Yes. To be seen and feel heard. I tried to have the conversation start very specifically with “What brought you to this art show?” and then get deeper into it. We also talked about that person’s favorite artwork. I didn’t ask it to every single person, but often that was an auxiliary question to help get to the meat of it. And then we brought it back to why they were here in this art piece, in particular. It became apparent to me that every person has experienced something that’s made them [who they are] and that’s just part of living, whether that was an event or an experience or a nonevent. Every person needs art, and we need each other because we need to feel heard. It was so interesting, because my role as the artist in that piece was to not talk to the patient but to listen and ask questions that were conducive to being an active listener. I liked how the piece kind of mirrored itself.

Emma Sulkowicz

‘The Healing Touch Integral Wellness Center.’ Photo by Emily Belshaw for Philadelphia Contemporary. Courtesy of Emma Sulkowicz

Did you open up to the people at all during the performance, or were you only in the role of therapist?

I was very candid. There was this theatricality that resided in the set and the costume, but not in my performance. I was not performing as a doctor. I was just listening and enjoying people.

How did you maintain self-care during The Healing Touch?

I’d say the most significant problem not with the piece but with my ability to take care of myself was that I finished late in the day. I’d eat dinner and crash. Then I had to wake up early. I didn’t have any time to do anything else. I did that piece four days a week, and I was at the Whitney Museum Independent Study Program the other three days a week. So I was in Philadelphia four days a week, and then I’d take a train back to New York to the Whitney Independent Study Program, and I’d take a train back to Philly for a whole month. I was going crazy.

How did you recover from that performance?

I don’t even really know if I did. Self-care was not on point.

Out of all your work, is there any performance piece you’d like to revisit? If so, how would you modify it?

I would be happy to do The Healing Touch Integral Wellness Center again in a different location. There are performances I’ve done as collaborations with my amazing friend Violet Overn that I would be happy to revisit just because we’ve done them for limited audiences and we’d love for more people to see them. And, of course, the show I just did, The Floating World, if it were to travel to another city, I’d love to continue working on it and make more sculptures.

Emma Sulkowicz

‘The Floating World’ by Simon Courchel for The Invisible Dog Art Center. Courtesy of Emma Sulkowicz

Are you able to work on multiple concepts at the same time, or do you focus on one until completion and then start another?

This is something I want young artists to know, and I wish someone had told me: When you put your artwork on display, something will not go as well as you want, and then that’s where you learn and make better decisions for next time. I think when I first started making artwork, I wanted things to be perfect before I put them out into the world, but that’s just impossible. You have to make a mess, and then you fix things as you go along.

One thing I’ve had to learn for myself is that I always think I can handle more than I can. Often I’ll work on multiple art pieces at the same time. And I can do it, but that self-care goes out the window. I need to have time to exercise, whether it’s going to yoga class or going for a run or whatever, because that’s when I meditate. If I don’t do that, I start to get very sad.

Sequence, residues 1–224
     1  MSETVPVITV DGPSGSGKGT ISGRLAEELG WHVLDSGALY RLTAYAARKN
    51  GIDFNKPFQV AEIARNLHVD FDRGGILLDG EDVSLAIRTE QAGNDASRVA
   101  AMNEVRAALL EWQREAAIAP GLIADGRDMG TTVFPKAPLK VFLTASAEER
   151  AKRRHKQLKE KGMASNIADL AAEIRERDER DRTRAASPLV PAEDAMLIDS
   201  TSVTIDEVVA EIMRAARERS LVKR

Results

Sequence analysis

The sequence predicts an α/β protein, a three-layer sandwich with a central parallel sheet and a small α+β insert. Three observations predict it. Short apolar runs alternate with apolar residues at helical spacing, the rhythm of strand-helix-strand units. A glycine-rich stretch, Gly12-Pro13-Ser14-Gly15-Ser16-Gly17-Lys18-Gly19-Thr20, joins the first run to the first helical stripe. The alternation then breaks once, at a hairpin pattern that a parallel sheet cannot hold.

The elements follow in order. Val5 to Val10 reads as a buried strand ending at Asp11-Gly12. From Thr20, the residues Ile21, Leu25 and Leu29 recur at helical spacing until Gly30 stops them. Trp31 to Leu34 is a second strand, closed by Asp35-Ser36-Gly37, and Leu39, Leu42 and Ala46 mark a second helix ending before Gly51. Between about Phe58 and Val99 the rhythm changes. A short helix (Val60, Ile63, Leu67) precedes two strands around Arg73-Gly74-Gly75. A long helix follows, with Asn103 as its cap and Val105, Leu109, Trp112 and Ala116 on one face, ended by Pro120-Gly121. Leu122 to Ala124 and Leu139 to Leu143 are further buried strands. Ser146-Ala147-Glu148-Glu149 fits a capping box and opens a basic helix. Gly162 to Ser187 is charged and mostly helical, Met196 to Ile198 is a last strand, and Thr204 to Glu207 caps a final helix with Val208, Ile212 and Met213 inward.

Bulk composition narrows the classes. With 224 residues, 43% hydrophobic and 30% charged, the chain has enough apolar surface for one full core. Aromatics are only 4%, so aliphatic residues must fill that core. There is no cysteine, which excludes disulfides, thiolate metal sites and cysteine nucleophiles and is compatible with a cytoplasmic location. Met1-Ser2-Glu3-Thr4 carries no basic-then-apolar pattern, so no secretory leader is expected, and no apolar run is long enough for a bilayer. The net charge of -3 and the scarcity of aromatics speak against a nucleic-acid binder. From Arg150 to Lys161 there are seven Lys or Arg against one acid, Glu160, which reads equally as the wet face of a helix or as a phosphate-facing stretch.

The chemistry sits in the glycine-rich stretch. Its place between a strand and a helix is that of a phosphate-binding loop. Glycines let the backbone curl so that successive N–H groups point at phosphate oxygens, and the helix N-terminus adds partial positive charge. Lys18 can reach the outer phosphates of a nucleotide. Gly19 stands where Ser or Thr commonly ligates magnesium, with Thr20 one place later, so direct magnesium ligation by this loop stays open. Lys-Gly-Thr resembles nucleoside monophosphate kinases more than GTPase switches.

With Self-Portrait (Performance with Object), would a person walk toward you and you’d think, “I know what they’re going to ask me”?

No, because everyone had such different motivations for coming. There was the college freshman type who didn’t have anything better to do with their day and wanted to hang out. They would sit on the platform in front of me and hang out for hours, which was cool. They were the kinds of people who came in ready for a transcendental experience and they were going to make it one. Some people would have a speech written on their phone, and they needed to read to me.

Some people just needed to cry, and that was pretty intense because that was something I wasn’t prepared for. And this is all stuff that inspired me to make The Healing Touch and Wellness Center, because people had such quizzical behavior to me that I thought, “What do all these people want from art?” The Healing Touch and Wellness Center was kind of my investigation into that question: What type of healing impulse are you trying to satisfy when you go to an art show?

Emma Sulkowicz

‘The Floating World’ by Emma Sulkowicz. Photo by Simon Courchel for The Invisible Dog Art Center. Courtesy of Emma Sulkowicz

The Floating World is your first solo show that isn’t a performance piece. What’s it like setting up The Floating World, walking away from it and revisiting it the next day? Do you learn more about yourself when you can take yourself outside the work more than when you’re doing a performance?

Well, that’s kind of true for both because, for example, in Self-Portrait (Performance with Object) I would do it — go to sleep and go back to it. It was different every day. So I’d say that pattern is true for both.

Has the political climate in the U.S. changed how you approach your art, and has it inspired any future pieces?

I have an amazing idea, but I believe if you talk about your art ideas too much, you get them out of you and have no impetus to make them anymore. If someone wants to fund a crazy performance art piece about our current political climate, please hit me up.

Keep up with Emma Sulkowicz on social media: Instagram @emsulk, Twitter @esulk and Facebook @emsulkend